Those cookie messages are worse than pointless.

Worse Than Pointless?

Yes. Worse than pointless. They're actively dangerous to your website's success.

Let's say you have a landing page and the one goal you have is to encourage users to sign up for a 30 day trial of your fantastic product. You have a story from a customer explaining how it's helped them save £2,000 in the last year alone and logos showing some large companies that use it. You're selling your service brilliantly.

But then, at the bottom of the screen, a prominent message pops up.

Oh. This looks important. I guess I should do something.

And that's the problem. As soon as you establish these seemingly harmless widgets they have derailed the user's internal dialogue from "Ah this product looks cool" to "What's this little thing in the corner?".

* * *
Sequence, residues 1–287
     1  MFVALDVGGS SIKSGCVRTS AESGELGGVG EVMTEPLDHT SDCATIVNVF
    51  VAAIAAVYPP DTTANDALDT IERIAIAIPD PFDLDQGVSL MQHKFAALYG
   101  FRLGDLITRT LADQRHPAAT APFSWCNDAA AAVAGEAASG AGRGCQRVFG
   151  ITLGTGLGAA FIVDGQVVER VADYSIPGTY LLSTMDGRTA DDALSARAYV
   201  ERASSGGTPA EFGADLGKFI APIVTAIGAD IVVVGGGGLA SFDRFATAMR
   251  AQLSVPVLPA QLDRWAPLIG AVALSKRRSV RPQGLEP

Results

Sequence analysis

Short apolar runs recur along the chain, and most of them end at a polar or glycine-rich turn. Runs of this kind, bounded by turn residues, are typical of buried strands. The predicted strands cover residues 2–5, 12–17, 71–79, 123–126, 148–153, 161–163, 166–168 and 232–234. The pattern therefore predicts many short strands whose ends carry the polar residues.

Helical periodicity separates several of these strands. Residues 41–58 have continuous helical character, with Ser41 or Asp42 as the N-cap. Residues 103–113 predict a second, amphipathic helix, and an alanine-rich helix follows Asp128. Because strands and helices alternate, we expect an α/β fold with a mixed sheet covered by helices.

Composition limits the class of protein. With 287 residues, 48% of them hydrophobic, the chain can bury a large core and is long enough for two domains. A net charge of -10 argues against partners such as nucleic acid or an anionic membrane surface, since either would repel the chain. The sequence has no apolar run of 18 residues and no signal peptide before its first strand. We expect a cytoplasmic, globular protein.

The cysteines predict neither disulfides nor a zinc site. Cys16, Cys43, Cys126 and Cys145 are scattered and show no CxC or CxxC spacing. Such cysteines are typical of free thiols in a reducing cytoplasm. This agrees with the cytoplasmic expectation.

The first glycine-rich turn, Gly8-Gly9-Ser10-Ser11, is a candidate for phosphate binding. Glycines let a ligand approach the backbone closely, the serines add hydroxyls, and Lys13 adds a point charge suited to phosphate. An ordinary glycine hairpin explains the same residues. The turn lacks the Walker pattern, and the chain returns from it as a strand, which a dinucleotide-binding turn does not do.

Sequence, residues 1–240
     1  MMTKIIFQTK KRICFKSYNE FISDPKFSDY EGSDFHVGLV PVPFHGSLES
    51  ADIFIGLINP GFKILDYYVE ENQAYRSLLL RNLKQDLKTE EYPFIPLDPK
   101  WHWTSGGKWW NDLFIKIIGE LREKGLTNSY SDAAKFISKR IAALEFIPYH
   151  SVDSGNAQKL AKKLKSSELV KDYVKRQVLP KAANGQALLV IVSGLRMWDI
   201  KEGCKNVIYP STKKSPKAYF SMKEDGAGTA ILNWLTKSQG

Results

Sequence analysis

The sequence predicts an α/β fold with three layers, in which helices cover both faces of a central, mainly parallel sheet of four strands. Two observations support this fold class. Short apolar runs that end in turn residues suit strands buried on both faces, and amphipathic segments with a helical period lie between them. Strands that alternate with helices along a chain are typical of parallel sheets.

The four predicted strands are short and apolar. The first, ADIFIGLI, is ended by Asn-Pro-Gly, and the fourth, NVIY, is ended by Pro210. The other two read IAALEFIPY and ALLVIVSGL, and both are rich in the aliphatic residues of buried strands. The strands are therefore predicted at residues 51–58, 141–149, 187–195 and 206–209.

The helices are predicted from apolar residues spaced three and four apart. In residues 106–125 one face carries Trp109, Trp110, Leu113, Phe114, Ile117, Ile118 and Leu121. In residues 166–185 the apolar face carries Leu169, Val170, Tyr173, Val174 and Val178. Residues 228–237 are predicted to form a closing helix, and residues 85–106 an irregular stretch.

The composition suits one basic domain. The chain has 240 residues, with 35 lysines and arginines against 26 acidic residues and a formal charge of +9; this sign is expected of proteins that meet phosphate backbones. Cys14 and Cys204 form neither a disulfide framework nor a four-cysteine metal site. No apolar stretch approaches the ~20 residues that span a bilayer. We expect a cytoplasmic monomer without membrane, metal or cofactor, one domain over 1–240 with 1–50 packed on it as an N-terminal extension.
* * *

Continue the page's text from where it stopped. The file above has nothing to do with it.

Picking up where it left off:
But Don't You Need These Fancy Little Messages?

Nope. When the law came in agencies had hundreds of sites to move over, and so copying and pasting a simple cookie widget seemed like a good solution. It wasn't.

The law states that sites can have implied consent. And that's exactly what these widgets do - they tell you that you're using cookies, "You're fine with that, right?".

They're doing the right thing, but they're doing it a bit heavy handedly.

We know the following to be true:-

  • We need to let users know we're using cookies
  • We need to let users know what cookies we're using (and why)
  • We need to give users some information about how to disable cookies

So in our case study, why not have a simple, friendly, plain-English language plain bit of text prominently but not distractingly placed on your site saying, "To make the site work well we store little bits of information on your computer called cookies. They're not dangerous or creepy - just useful. Read our cookie policy to find out more..."


Comply with the law, but don't hit users over the head with it. And most definitely don't compromise the website's navigational flow for the sake of a tick-box exercise.